Review: Integration of reactive oxygen species and hormone signaling during abiotic stress (Plant J.)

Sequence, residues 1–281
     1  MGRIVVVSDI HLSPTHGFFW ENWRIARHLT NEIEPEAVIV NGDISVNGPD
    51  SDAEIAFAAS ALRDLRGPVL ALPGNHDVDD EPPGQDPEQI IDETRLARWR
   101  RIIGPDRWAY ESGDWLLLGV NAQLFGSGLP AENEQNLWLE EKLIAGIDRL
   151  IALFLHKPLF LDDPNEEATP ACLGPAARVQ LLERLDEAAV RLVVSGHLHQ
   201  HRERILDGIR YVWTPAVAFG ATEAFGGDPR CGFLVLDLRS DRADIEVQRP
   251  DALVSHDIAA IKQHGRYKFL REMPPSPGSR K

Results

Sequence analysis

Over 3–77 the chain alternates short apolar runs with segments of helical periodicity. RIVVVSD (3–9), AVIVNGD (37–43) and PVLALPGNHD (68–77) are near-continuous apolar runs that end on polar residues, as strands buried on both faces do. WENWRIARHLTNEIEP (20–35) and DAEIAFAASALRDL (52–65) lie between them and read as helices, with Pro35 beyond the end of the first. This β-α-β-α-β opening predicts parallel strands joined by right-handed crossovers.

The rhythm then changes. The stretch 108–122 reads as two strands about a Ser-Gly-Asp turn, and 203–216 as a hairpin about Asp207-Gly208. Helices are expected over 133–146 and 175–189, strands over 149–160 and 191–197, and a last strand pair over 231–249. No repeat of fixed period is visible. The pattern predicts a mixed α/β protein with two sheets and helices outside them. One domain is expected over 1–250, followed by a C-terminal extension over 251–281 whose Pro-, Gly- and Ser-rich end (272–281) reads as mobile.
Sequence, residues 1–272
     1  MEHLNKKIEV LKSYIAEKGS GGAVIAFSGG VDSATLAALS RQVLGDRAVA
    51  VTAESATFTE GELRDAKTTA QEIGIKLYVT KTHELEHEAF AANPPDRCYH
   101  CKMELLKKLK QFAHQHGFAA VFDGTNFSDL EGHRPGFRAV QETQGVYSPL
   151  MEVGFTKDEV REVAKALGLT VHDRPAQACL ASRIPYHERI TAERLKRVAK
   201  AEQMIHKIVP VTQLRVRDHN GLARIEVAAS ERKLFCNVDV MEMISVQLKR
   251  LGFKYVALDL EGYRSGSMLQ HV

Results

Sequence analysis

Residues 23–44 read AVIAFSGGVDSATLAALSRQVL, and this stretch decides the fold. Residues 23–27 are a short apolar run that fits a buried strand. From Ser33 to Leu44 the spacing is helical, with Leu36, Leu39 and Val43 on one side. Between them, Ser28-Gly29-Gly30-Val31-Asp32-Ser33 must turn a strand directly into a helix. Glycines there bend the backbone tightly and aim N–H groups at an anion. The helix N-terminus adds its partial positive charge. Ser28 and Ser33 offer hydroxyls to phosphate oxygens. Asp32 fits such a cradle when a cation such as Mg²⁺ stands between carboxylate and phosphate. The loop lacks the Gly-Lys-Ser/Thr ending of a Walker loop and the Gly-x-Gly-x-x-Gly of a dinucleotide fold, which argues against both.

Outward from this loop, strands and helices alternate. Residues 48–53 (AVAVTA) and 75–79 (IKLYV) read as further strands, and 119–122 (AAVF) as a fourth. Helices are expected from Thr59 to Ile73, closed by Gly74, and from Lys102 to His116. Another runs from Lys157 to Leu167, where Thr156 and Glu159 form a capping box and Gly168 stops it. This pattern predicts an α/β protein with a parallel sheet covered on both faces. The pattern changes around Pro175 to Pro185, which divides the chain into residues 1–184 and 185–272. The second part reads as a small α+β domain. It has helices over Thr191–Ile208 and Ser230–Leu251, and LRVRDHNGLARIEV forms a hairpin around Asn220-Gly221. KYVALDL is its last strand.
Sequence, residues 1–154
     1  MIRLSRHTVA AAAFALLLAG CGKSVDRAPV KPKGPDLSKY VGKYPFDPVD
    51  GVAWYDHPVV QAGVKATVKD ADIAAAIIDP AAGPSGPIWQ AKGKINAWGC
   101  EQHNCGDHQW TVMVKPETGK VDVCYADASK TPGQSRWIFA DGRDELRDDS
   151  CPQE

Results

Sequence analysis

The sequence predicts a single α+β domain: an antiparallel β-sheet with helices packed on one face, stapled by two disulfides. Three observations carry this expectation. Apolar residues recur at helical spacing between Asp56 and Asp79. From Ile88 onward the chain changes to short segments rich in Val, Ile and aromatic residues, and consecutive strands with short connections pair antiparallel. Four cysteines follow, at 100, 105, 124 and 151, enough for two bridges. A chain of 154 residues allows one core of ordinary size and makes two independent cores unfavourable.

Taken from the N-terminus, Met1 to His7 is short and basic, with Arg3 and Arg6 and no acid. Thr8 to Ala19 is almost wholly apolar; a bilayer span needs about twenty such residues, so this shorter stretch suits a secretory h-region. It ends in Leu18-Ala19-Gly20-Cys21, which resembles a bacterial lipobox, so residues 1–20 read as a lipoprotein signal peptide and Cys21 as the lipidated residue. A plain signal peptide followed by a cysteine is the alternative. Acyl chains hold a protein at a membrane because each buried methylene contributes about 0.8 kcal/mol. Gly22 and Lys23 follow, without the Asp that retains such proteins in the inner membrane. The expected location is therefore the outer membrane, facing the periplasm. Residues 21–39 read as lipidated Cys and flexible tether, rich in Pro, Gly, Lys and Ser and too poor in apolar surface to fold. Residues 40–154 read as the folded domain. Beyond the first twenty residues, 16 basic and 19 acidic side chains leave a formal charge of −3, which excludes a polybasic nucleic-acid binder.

During its life cycle, a plant experiences many types of abiotic stress including drought. While waiting for the next drops of water, a thirsty plant acclimates by initiating a series of tolerance responses. Stress perception is followed by stress-induced signaling which can include reactive oxygen species (ROS) production, phytohormone activation, gene expression regulation, and kinase/phosphatase signaling pathways. In their review, Devireddy et al. outline the extensive cellular and molecular mechanisms of ROS interaction with phytohormones in response to drought, heat, cold, and salinity. ROS integrates with upstream or downstream of phytohormone signaling pathways individually or mediates crosstalk between the phytohormones in an antagonistic or synergistic manner. The ROS-mediated stress responses range from cellular redox homeostasis to stomatal opening/closing and shoot and root growth. When a plant faces a combination of abiotic stresses, it is potentially the level of ROS that determines which stress response wins over the others. These responses are complex: they act at cellular, tissue, and organ levels and recruit multiple stress response networks, all maintain the growth and development until the next drop of water arrives or the next cooling breeze passes by. (Summary by Roxana Khoshravesh @RoxiKh) Plant J. 10.1111/tpj.15010